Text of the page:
|Catalogue of the Botanical Art Collection
at the Hunt Institute
The collection of botanical art and illustration in the Department of Art at the Hunt Institute is one of the world's largest and most broadly representative. It includes over 30,000 original works paintings (mostly watercolors), drawings and original prints dating from the Renaissance onward. In 1979, Curator of Art James J. White with the assistance of Elizabeth R. Smith began to compile a database of the art collection, which was published as the Catalogue of the Botanical Art Collection at the Hunt Institute (19851998). That database is now online, complete with images of most of the uncolored, pre-1900 artworks in the collection. New information is incorporated as it becomes available. (For more information about specific works in the collection, please visit the Art Department page.)
© 2001 by Hunt Institute for Botanical Documentation. All Rights Reserved.
Names of artists are given surname first.
The nationalities given are not necessarily those of legal citizenship. Dual nationalities are listed for some artists associated significantly with more than one country.
Dates of Artist
Dates of birth and/or death or active period of the artist are given if known.
The scientific binomials of the plants depicted (generic names and specific epithets) are listed only if known with some certainty (more often than not, genus only), based on authoritative accompanying notes, publications or subsequent specialist identifications; when more than one taxonomic entity is represented in a work, each is listed on a separate line and alphabetically. The family or class attributions given for flowering plants (angiosperms) and coniferous plants (gymnosperms) are according to the classification in K. W. von De Dalla Torre and H. Harms, Genera Siphonogamarum ad Systema Engleriana Conscripta (1908; reprint Wiesbaden, 1963); those for non-vascular plants (algae, fungi, lichens, mosses and liverworts) and for ferns and fern-allies are according to that in A. Engler's Syllabus der Pflanzenfamilien (Berlin-Nikolassee, 19541964). The following works are also helpful references with regard to classification: G. C. Ainsworth, Ainsworth & Bisby's Dictionary of the Fungi (Kew, England, 1971); M. R. Crosby and R. E. Magill, A Dictionary of Mosses (St. Louis, 1978); P. C. Silva, Names of Classes and Families of Living Algae (Utrecht, 1980); and E. B. Copeland, Genera Filicum: The Genera of Ferns (New York, 1947).
Titles of artworks (usually binomials, sometimes with common names) are rendered within quotation marks and are transcribed from the works themselves or their publication contexts. Imputed titles and any supplementary information are given in brackets.
For plant portraits, a brief description of the subject is included when only a portion of the plant is depicted (e.g., a single leaf, flower or fruit, winter twig, floral details) or when a special feature is included (e.g., a conspicuous insect). The description is omitted if the work adequately represents the plant as a whole (including fertile material in the case of a seed plant). For decorative, horticultural, and some non-botanical subjects, a terse description (e.g., flowers; roses in vase; pruning; gardener's tools) is included.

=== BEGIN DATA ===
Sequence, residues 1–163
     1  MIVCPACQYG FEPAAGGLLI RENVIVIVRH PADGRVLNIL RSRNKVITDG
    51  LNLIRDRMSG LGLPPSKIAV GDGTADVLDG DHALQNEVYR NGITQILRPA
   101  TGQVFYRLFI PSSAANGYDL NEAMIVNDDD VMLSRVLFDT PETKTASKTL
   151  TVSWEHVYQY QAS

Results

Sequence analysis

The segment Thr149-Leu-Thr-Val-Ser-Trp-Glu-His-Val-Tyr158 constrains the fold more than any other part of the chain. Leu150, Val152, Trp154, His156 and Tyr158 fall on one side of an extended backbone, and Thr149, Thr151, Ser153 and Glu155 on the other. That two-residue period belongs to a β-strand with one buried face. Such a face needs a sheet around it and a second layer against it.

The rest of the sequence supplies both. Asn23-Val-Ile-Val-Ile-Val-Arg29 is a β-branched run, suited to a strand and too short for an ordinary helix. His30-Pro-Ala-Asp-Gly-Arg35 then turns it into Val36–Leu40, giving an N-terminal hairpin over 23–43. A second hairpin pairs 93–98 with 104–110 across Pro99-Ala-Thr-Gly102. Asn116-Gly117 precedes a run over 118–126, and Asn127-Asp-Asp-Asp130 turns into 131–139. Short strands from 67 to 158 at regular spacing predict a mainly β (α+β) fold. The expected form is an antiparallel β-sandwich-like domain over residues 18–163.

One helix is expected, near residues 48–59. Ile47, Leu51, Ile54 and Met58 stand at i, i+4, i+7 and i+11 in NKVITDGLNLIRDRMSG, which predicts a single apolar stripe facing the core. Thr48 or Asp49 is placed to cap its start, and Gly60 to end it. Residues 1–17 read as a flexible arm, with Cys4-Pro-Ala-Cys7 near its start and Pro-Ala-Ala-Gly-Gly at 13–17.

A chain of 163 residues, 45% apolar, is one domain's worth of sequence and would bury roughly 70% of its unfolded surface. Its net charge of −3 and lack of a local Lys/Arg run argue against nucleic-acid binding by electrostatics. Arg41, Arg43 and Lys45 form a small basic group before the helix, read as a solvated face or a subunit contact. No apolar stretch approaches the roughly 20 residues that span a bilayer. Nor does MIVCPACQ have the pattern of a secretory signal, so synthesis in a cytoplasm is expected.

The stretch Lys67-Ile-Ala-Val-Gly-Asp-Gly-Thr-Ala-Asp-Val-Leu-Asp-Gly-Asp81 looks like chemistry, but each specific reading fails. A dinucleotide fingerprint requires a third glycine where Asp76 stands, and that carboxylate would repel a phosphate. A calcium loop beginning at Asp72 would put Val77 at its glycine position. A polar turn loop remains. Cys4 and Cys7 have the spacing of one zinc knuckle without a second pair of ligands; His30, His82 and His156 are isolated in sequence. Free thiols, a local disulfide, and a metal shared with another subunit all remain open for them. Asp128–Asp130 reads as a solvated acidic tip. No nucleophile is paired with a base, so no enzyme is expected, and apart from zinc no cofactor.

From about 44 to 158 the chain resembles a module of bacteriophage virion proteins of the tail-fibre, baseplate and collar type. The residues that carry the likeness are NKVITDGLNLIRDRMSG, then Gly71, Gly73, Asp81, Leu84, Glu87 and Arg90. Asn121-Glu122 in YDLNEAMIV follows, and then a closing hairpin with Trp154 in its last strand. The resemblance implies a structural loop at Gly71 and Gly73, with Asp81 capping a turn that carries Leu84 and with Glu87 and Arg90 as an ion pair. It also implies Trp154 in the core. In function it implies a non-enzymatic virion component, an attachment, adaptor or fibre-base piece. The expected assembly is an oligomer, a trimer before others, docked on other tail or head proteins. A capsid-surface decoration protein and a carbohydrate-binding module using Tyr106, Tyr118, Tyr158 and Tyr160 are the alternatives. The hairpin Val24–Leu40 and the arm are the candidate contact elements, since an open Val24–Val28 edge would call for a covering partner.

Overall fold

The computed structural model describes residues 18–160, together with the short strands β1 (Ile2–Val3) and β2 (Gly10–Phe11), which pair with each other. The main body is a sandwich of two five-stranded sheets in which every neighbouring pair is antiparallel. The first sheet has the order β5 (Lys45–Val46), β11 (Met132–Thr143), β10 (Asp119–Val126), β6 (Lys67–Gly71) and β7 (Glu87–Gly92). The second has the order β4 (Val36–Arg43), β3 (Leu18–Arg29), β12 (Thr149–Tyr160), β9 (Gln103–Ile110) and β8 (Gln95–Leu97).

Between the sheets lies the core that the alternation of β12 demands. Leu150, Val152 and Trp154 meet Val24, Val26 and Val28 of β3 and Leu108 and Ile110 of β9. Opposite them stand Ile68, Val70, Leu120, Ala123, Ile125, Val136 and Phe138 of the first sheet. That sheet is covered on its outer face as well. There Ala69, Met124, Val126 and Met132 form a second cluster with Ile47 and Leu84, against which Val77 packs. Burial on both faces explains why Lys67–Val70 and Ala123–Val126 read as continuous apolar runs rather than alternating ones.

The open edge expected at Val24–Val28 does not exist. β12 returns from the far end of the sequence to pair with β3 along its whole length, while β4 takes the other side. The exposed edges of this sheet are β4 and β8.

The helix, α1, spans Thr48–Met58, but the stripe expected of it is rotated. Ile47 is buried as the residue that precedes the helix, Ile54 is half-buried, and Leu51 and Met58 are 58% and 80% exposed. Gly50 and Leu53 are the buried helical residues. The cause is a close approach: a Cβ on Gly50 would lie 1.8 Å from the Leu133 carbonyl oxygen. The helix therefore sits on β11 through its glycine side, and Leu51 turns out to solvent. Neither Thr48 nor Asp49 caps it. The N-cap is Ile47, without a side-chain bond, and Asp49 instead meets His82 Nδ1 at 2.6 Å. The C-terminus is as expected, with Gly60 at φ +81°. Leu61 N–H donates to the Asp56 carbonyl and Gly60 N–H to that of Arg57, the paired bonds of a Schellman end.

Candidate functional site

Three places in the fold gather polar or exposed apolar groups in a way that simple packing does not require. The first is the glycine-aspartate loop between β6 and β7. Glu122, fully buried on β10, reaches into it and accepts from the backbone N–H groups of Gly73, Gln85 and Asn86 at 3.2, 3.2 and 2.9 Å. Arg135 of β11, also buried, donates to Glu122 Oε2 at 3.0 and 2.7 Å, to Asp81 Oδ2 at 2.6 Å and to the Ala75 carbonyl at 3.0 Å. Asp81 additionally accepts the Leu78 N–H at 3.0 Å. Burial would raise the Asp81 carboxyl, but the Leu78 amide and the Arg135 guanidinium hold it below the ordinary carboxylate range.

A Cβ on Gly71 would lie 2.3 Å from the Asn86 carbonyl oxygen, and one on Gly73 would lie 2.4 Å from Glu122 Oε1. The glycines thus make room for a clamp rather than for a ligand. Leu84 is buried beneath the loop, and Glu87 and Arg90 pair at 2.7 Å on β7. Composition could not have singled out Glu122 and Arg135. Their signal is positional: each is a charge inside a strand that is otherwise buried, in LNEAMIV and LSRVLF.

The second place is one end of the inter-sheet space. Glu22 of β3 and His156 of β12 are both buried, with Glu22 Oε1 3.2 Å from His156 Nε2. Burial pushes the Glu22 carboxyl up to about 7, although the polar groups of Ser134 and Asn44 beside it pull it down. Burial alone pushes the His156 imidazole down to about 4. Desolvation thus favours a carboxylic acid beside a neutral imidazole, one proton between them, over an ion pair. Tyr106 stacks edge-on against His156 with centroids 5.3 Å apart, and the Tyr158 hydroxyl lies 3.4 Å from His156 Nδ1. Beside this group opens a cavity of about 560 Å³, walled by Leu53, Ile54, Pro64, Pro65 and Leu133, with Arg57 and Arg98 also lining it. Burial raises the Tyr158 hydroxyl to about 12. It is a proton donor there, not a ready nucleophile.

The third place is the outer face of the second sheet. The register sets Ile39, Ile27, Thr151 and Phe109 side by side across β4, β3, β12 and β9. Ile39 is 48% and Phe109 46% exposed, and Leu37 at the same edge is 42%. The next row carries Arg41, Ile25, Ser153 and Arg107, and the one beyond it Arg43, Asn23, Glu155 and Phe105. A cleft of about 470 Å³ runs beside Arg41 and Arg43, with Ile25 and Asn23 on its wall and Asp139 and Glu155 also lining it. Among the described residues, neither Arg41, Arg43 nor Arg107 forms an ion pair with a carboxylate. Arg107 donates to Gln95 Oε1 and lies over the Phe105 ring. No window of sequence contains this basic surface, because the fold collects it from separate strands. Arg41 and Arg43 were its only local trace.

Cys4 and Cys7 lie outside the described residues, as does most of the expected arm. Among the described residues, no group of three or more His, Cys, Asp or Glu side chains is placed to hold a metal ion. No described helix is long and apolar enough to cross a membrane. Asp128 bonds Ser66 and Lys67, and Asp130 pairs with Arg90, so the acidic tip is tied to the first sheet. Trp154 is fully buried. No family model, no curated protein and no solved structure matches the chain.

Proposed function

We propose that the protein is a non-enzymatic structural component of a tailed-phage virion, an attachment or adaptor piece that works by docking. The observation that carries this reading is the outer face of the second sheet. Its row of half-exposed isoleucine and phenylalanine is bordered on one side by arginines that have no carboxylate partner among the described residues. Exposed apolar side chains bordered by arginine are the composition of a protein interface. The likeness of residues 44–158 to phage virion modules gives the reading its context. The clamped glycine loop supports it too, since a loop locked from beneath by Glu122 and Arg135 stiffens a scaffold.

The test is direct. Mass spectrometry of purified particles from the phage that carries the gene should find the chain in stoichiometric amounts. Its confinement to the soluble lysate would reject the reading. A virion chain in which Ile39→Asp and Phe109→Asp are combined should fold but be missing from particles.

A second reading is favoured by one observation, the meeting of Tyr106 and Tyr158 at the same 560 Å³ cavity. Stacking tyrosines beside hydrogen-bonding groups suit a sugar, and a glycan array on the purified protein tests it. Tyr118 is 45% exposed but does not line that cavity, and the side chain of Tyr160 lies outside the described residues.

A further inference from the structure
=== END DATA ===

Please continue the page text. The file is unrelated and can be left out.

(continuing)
Names of printmakers are given surname first. Dates of birth and/or death or active period are given if known.
The signature is given as it appears on the artwork and with its location (t = top; b = bottom; l = left; r = right; c = center).
Place of Execution
Place indicates where the artwork was executed.
Date of Execution
Date indicates when the artwork was executed.
Medium indicates either the physical material applied to produce the image (e.g., gouache, ink, oil, watercolor) or the printmaking technique employed to create it (e.g., engraving, etching, woodcut).
Support indicates the material upon which the image is borne (e.g., paper, illustration board, vellum, canvas).
Image size indicates the actual image size or plate mark in the case of prints.
Dimensions of artworks are included in the database but were omitted from the published catalogue.
For a print, the first number given is its sequence number in the edition; the second is the total number of prints in the edition. When the print is an artist's proof, that designation appears instead of numbers.
"For" denotes a work reproduced in the publication cited; "From" denotes an original print that was itself included in the publication cited. When the artwork obviously has been published but the publication is unknown, any information printed on the work is cited in quotation marks, followed by indication of its location.
The Hunt Institute's accession number is given.
Additional remarks are sometimes provided.
We have added most of the uncolored, pre-1900 artworks in the collection. Copyright, credit and downloading information for specific images are included within the database. For those works in the public domain, the images can be downloaded from the database for publication. These images vary in size. If the image you wish to print will not fit on one page, you may need to adjust your printing preferences. To inquire about publishing other images, please contact the Art Department.
Preparation and publication of this catalogue have been made possible in part by support from the National Endowment for the Arts, a federal agency (grants 02-4420-285, 12-4420-526 and 22-4420-139).